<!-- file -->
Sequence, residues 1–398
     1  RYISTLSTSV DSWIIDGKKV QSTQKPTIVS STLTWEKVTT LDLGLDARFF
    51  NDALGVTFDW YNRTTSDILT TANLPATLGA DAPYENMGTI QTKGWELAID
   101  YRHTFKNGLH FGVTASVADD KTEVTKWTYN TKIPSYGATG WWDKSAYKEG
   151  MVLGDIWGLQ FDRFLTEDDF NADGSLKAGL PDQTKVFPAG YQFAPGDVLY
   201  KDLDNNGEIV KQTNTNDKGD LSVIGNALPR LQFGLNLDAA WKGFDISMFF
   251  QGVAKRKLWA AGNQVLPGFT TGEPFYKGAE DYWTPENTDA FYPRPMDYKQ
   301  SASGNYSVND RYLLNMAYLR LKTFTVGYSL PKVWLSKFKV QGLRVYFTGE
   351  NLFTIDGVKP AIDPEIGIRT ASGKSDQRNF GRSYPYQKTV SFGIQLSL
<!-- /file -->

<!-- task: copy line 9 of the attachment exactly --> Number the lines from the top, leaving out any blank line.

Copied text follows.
   351  NLFTIDGVKP AIDPEIGIRT ASGKSDQRNF GRSYPYQKTV SFGIQLSL